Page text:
Shattering Suns | Nova | Shockwave | The Heart of the Sun | Pale Blue Dot | Viriditas | Stephen Taylor
Violent outburst in Eta Carinae;
Image from the Hubble Space Telescope.
for winds and percussion
Stephen Andrew Taylor, 1997 (revised 1998)
Shattering Suns was originally inspired by images (like the one above) of celestial catastrophe. As I was composing the piece the astronomer and writer Carl Sagan passed away. I wanted to make the piece a memorial to him somehow, and I was struck by one of his ideas: that life as we know it cannot exist unless stars, which possess the vital elements for life, die. The idea of intertwined death and life forms the dramatic plan of the piece, from the opening explosion of Nova to the outburst of life in Viriditas.
The synthesizer plays an important role in the piece, with a deep sound derived from the Sun's vibrations. The Sun actually vibrates in space like a giant gong. Alexander Kosovichev, a Stanford scientist, graciously made sound files for me from his research into sonic waves produced by the Sun. This deep, throbbing sound makes the Sun come alive for me, and helped inspire the third movement, The Heart of the Sun. And finally, I was inspired by the artwork of my wife, Hua Nian, whose watercolors and pastels Messages from Nature grace these pages.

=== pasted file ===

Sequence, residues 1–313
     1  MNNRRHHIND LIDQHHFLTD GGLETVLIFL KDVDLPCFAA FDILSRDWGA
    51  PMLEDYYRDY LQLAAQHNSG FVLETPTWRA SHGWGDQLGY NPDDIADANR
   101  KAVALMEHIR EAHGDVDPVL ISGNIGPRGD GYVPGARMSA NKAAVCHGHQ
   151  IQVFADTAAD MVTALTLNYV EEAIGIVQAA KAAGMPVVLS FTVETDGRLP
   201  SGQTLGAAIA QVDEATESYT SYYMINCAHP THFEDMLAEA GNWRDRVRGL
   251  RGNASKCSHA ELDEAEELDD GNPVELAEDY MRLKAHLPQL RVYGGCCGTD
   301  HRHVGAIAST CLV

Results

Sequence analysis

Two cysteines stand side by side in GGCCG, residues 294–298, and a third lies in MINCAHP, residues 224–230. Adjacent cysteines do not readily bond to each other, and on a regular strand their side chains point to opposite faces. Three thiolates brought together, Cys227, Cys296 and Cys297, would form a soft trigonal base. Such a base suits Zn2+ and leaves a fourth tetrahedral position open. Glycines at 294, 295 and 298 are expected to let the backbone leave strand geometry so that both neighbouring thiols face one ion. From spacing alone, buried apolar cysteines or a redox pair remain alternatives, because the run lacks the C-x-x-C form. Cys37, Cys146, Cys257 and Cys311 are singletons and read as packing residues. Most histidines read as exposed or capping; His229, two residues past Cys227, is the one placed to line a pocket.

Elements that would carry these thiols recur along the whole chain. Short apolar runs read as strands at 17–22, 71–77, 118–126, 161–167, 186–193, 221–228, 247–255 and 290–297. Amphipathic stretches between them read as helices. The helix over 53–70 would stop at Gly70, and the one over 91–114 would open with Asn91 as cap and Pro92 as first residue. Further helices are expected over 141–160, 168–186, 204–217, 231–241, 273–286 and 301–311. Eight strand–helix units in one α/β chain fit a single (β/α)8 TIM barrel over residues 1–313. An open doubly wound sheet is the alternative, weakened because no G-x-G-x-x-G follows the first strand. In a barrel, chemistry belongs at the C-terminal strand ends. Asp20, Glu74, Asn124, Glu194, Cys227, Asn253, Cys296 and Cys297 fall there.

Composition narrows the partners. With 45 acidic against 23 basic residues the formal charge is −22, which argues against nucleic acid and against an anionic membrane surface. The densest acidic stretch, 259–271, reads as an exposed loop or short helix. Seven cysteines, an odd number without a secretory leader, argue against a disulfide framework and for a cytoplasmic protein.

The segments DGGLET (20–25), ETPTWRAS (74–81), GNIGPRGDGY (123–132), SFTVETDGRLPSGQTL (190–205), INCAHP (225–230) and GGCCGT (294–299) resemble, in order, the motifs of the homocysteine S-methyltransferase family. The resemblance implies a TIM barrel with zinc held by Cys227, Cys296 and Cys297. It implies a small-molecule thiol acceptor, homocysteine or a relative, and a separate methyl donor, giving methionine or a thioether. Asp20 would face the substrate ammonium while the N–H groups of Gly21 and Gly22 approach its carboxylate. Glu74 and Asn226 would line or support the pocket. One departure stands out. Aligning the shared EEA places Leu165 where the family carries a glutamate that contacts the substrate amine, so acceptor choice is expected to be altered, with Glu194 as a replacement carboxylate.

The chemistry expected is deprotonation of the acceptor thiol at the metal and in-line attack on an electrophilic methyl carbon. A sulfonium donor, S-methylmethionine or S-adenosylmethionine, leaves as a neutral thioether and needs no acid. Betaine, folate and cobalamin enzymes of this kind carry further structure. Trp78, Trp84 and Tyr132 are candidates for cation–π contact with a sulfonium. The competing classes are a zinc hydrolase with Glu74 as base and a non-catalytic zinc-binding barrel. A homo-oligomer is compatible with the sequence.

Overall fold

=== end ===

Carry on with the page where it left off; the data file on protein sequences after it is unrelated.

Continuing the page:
Shattering Suns is dedicated to the Illinois State University Wind Ensemble, Stephen K. Steele, director.
Samples for the synthesizer patch "ethereal" (used in movements 1 and 4):
lowC.aiff (3.8 MB) lowC.mp3 (360 K)
middleC.aiff (4.3 MB) middleC.mp3 (404 K)
highC.aiff (4.8 MB) highC.mp3 (452 K)
Last updated 10/10/01. Copyright © 1997-2001 by Stephen Taylor, firstname.lastname@example.org.